A couple days ago I did an interview with French-American t.v., and one of the questions that came up was about Paris in the old days, meaning the ‘60s. Was it better then or now? Not a new question to be sure: Just ask M.F.K. Fisher or Proust, or Woody Allen for heaven’s sake, who has just made a film about the ever-receding horizon of the “real Paris.”
And of course, when changes are made to a beloved skyline, people are bound to be upset. The Eiffel Tower, after all, the ultimate symbol of Paris, was decried as an ugly monstrosity of the Industrial Age when it first loomed over the Seine.
Personally, I don’t believe it’s the addition of the new that’s so disturbing, as the destruction of the old. One thing I do still miss about that “old Paris,” is the great central market Les Halles, sometimes referred to as the soul and the stomach of the city. Its heaps of produce, the sounds of the truckers and vendors and buyers, the smells that arose from the cheeses and meats, to say nothing of gutters nearby, produced visceral and unforgettable sense memories. And that doesn’t even get to those late nights spent there seeing in the dawn, eating onion soup and drinking hardy vin du pays.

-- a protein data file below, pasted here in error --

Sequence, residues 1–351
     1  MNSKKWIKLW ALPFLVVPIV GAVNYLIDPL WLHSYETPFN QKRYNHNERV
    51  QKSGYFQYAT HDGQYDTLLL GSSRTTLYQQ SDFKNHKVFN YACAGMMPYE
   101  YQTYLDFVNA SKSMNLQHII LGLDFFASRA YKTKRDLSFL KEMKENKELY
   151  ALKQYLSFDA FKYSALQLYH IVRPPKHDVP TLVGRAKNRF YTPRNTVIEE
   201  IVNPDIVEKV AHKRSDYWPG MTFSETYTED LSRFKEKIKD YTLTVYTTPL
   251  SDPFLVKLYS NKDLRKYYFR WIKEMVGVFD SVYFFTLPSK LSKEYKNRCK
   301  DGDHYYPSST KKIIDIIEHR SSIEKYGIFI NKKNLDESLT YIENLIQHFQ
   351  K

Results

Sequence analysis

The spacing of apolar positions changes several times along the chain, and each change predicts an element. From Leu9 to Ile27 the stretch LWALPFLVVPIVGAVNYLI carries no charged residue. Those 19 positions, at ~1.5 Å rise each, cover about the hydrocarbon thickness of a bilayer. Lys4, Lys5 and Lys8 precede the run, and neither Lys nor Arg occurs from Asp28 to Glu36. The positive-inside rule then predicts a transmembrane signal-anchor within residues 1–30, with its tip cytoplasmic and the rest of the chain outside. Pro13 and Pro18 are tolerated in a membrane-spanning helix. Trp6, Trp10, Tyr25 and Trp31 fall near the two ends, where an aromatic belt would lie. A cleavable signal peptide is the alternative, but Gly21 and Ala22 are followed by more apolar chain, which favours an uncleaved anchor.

As Luc Sante said in 2010 in the New York Review of Books, “Les Halles ws more central to the idea of Paris in the minds of its own citizens than any tower or monument could ever be.”
The destruction, or modernization, of Les Halles began in 1970 until it was transformed, mainly into a mindless underground shopping mall.
So, in this case, old Paris or new Paris? You make the call.